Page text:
Coincidence and happenstance conspired to bring the world an unlikely gift from the Dawson City permafrost.
“In 1897 they announced that a tonne of gold had arrived in Seattle; in 1978 they announced that a tonne of film had arrived in Ottawa,” said Michael Gates, one of the key players in the great Dawson Film Find of 1978.
That’s when more than 500 silent-era film reels, dated between 1903 and 1929, were uncovered in the rubble beneath the old hockey rink.
This summer the old footage will have new life, thanks to a partnership between the Dawson City Museum and Yukon Energy.
The museum approached Yukon Energy a year ago to help pay for copies of the old footage to be digitized.
“Yukon Energy was on board almost before they finished reading the proposal, which was really wonderful,” said Laura Mann, the museum’s executive director.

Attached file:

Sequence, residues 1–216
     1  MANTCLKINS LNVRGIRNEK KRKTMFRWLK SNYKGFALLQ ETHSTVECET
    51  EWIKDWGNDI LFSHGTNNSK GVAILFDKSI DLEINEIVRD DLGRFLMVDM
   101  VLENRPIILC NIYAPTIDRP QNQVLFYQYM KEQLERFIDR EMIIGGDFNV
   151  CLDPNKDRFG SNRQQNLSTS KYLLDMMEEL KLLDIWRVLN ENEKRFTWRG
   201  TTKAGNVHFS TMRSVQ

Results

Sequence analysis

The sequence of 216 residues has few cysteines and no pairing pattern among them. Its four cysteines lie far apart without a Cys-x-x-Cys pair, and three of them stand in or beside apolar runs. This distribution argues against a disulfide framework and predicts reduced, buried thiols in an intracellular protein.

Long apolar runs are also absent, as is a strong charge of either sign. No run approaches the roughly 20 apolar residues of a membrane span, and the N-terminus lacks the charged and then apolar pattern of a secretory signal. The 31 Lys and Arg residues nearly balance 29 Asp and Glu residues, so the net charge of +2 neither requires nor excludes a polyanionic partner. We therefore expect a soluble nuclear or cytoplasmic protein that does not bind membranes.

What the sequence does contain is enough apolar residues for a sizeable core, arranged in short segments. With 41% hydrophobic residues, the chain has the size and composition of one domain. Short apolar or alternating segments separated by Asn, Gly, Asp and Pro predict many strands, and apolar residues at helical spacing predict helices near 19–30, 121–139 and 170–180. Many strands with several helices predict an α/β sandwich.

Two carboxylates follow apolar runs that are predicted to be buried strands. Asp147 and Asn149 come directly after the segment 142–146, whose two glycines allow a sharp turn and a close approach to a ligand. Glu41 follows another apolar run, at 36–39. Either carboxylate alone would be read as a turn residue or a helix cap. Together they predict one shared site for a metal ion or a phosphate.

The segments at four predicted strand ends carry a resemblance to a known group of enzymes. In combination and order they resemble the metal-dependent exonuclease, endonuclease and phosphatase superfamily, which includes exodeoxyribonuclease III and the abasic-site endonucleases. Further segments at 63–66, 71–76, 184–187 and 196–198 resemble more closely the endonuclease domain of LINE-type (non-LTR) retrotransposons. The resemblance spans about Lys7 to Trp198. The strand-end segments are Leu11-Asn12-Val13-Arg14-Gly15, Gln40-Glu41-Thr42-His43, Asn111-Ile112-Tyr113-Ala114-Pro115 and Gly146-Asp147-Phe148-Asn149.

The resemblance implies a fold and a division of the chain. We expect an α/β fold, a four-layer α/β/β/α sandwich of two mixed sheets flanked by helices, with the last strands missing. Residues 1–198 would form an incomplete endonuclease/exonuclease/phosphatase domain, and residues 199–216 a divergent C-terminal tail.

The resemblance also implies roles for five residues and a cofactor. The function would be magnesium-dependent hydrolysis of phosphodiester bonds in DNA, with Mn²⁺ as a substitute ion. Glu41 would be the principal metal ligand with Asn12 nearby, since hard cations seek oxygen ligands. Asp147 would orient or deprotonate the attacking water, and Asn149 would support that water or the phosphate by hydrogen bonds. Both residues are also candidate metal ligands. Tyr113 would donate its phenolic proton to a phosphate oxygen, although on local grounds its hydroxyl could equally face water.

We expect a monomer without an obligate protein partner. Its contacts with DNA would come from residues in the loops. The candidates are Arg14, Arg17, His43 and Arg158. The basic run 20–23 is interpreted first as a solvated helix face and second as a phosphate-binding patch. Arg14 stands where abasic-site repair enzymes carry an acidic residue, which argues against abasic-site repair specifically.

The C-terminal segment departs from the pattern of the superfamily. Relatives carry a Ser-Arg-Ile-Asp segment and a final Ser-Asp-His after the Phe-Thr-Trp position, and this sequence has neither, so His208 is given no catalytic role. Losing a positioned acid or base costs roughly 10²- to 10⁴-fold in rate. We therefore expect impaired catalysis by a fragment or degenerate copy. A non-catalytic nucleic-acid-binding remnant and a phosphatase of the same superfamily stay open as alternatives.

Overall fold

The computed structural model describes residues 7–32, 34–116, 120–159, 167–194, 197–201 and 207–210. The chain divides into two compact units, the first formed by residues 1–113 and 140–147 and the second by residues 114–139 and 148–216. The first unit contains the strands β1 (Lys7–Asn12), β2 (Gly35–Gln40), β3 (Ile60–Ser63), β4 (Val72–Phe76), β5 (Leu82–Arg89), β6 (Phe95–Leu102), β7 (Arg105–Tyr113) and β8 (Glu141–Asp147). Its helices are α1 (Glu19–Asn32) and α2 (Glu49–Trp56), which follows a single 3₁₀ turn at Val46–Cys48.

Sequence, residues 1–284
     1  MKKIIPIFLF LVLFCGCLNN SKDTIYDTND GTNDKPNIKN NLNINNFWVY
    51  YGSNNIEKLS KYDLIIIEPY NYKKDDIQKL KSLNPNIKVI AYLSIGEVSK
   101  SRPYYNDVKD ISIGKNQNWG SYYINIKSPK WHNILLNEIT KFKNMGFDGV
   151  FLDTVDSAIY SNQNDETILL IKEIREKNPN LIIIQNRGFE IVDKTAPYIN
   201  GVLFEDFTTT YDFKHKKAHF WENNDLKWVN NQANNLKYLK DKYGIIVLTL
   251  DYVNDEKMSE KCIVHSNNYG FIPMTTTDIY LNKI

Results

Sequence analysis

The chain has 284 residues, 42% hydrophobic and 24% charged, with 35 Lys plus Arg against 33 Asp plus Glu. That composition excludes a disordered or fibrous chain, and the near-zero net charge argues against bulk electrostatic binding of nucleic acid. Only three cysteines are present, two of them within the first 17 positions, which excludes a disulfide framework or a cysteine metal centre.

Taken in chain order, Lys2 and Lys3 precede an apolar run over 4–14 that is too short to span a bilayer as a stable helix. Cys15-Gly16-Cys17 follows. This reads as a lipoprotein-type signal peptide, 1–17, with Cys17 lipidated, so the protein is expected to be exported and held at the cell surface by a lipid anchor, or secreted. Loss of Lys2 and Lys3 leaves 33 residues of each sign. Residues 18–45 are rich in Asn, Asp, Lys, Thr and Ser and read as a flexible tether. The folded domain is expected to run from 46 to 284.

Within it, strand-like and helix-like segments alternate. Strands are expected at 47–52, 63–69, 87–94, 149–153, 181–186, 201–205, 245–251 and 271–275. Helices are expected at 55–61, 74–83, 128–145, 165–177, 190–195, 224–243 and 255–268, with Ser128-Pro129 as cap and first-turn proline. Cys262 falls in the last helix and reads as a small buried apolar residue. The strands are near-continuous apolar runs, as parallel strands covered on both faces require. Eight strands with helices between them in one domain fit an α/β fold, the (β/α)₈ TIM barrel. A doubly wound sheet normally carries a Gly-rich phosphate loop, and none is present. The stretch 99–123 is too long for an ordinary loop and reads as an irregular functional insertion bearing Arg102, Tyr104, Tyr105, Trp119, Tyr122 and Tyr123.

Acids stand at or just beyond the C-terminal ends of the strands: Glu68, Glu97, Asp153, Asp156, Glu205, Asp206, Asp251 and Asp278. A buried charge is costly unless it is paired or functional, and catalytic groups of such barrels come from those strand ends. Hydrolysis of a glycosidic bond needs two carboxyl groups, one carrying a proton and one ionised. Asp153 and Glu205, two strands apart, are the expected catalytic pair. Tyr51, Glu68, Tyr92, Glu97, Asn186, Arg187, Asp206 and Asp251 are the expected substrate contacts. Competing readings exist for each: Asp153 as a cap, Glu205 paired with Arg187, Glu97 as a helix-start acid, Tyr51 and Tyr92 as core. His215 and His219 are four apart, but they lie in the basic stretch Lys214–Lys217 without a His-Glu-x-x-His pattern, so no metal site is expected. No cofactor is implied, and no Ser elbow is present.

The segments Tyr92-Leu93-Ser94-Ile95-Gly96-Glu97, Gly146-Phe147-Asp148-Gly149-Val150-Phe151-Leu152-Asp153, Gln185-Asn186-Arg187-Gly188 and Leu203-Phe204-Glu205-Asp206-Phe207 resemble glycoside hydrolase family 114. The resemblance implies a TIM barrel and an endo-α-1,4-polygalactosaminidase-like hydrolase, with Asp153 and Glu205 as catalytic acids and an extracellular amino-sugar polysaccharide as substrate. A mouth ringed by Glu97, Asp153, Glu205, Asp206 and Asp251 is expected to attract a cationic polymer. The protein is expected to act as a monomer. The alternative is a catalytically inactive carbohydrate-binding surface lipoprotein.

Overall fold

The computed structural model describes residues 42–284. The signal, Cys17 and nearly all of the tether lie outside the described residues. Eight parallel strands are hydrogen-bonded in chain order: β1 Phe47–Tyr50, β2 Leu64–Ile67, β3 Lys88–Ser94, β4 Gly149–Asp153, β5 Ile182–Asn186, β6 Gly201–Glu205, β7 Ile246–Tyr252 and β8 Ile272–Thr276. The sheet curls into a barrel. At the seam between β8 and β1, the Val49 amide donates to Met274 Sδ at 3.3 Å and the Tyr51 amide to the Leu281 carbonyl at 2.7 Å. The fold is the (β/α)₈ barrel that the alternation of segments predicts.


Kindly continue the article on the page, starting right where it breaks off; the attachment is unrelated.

Mann has edited the footage into three 20-minute programs: compilations of First World War-era news items, human interest stories, comedy shorts and selections from Hollywood features.
Local musician Barnacle Bob Hilliard was commissioned to add piano music to the silent movies.
“His piano is early-in-the-century vintage, so the piano actually sounds a lot like it would have sounded at the time,” said Mann.
The programs were debuted this week in Dawson City, and they will be shown twice daily at the museum over the summer season. The raw footage will also be available for viewing.
But how did the films come to be so well-preserved under Dawson City for so long?
The Dawson Amateur Athletic Association starting showing films at the old recreation centre in 1903.
Because it was cheaper to make a new reel of film than ship them back south, the films collected at the end of the line in Dawson City. They were being stored in the basement of the Carnegie Library building, now the Freemason’s Hall.
But over time people became aware of the explosive danger of the nitrate film. Stored improperly, it could decompose and ignite itself with incredible force.